Arthur Haddock (1895-1980) was born near Clements, California. In 1914 as a teenager, he met artist Maynard Dixon, who became his instructor and lifelong friend. Two years later, Haddock took a job for the Southern Pacific Railroad. He worked on railroads for most of his life, painting diverse locales and selling them out of his studio in Stockton, California. Haddock found early success exhibiting his oil and watercolor landscapes in San Francisco, Oakland and New York, but often declined to sell his paintings. He moved to Santa Fe in 1947 and worked as a fine art framer. Haddock died at 85, with hundreds of his paintings stacked in his small Santa Fe apartment.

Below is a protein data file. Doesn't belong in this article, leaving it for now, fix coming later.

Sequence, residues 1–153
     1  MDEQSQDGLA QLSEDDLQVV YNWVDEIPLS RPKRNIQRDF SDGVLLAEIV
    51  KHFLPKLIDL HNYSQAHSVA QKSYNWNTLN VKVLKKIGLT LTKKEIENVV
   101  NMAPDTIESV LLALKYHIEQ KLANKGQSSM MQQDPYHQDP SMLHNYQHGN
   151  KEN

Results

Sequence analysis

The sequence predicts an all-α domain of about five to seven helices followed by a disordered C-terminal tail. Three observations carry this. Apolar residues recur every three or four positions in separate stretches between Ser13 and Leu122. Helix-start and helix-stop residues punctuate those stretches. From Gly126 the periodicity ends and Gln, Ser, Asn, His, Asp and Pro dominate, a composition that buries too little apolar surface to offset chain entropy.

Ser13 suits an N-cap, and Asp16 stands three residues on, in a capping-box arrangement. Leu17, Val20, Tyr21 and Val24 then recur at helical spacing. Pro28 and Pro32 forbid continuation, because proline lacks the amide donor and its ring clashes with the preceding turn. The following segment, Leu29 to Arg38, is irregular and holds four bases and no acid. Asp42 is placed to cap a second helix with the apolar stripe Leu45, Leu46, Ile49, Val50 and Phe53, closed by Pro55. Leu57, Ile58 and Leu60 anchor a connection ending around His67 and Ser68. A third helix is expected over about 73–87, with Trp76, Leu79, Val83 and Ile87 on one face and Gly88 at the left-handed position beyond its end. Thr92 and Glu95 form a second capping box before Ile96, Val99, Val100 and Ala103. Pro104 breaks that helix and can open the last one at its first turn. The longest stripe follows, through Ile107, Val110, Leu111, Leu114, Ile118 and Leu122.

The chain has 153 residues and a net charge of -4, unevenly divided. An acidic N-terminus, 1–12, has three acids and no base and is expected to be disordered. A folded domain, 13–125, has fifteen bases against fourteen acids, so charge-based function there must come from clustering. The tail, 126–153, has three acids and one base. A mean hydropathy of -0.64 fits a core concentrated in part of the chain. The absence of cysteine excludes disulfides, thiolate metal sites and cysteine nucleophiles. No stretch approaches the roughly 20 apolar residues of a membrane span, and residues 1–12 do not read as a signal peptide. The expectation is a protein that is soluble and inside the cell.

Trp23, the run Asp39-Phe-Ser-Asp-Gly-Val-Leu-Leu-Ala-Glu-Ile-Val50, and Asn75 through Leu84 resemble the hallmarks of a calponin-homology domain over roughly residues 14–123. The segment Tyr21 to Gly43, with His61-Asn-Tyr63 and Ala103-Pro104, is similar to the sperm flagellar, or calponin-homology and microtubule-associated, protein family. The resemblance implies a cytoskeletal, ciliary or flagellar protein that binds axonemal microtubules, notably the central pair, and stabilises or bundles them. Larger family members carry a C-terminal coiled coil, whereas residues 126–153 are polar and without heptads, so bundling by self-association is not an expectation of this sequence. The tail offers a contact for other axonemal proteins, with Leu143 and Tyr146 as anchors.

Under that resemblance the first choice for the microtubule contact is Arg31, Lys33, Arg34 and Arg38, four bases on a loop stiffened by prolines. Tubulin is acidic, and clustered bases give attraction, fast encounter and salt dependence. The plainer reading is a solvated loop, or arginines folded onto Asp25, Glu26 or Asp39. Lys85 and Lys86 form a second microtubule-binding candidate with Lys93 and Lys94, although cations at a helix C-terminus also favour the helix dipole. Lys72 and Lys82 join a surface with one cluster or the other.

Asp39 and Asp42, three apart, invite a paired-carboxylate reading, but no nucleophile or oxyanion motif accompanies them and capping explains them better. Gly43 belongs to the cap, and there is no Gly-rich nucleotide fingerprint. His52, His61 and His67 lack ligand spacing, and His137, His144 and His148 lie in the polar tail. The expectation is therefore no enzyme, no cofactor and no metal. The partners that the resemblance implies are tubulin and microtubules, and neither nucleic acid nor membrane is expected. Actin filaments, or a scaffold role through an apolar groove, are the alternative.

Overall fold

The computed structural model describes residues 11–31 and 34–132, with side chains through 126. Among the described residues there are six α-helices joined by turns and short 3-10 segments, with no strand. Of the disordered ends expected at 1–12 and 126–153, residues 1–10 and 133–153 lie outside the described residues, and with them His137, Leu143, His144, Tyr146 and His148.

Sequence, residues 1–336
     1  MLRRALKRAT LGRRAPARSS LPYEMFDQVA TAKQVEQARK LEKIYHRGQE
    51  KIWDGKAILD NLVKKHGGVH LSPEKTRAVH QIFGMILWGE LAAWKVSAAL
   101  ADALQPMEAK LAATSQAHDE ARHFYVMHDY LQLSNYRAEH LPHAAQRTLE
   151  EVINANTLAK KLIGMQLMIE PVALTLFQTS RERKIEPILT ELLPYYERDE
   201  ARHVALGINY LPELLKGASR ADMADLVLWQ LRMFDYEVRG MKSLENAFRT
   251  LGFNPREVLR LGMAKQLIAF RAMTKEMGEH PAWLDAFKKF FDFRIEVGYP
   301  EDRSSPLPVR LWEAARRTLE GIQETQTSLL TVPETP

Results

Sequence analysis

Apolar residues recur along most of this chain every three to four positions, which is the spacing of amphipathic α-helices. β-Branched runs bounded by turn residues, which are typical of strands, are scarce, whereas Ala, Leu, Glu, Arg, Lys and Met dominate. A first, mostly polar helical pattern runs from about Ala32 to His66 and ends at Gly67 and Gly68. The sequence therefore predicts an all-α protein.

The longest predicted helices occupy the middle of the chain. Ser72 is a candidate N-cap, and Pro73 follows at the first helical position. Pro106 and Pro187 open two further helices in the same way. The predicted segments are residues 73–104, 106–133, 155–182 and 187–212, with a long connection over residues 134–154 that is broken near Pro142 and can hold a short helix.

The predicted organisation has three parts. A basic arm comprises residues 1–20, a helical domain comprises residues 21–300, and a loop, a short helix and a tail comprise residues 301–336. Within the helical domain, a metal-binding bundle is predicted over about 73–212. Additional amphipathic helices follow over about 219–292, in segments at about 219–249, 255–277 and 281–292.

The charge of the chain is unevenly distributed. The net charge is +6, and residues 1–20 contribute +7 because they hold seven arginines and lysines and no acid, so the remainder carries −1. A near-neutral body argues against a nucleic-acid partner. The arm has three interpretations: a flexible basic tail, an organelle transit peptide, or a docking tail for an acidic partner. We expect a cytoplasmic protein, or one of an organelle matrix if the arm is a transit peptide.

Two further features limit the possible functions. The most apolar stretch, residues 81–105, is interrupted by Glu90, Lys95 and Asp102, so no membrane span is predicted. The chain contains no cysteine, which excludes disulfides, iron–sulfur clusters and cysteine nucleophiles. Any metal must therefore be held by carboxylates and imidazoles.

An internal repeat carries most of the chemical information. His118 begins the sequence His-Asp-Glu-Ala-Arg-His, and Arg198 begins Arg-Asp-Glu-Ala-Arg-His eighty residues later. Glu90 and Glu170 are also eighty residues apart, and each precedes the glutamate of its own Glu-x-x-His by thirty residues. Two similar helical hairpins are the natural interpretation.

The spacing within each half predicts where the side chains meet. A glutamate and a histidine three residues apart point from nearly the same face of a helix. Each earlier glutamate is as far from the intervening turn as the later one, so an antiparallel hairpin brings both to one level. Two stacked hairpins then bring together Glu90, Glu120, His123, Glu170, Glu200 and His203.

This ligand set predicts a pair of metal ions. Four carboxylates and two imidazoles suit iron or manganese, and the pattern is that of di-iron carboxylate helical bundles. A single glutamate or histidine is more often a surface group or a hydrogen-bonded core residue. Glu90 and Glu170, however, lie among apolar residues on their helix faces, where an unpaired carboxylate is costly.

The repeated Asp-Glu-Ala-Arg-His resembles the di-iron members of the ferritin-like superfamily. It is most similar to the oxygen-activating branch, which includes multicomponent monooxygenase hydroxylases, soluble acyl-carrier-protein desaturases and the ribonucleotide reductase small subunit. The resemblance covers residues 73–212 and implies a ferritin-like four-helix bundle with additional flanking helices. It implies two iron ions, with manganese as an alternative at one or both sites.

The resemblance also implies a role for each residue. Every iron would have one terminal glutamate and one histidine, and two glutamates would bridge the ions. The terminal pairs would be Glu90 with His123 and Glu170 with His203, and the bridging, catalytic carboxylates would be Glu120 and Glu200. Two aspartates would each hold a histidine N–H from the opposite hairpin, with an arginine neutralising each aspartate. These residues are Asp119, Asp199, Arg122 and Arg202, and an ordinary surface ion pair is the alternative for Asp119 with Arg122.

These custom-labeled oil emulsion bottles are on loan from artist Eli Levin, who arrived in Santa Fe in 1964. “Arthur made almost alchemical experiments with materials,” writes Levin in his memoir Santa Fe Bohemia: The Art Colony 1964-1980. “There were many tiny jars of various mediums, hand-labeled. […] Tiny notes, scribblings on scrap paper, would turn up in drawers slipped between stacks of pictures or under art supplies. […] Interspersed between pages of the art books were other little notations: quotes, cryptic statements such as ‘Keep the darks simple,’ or ‘The Big Vision, eliminate all else.’”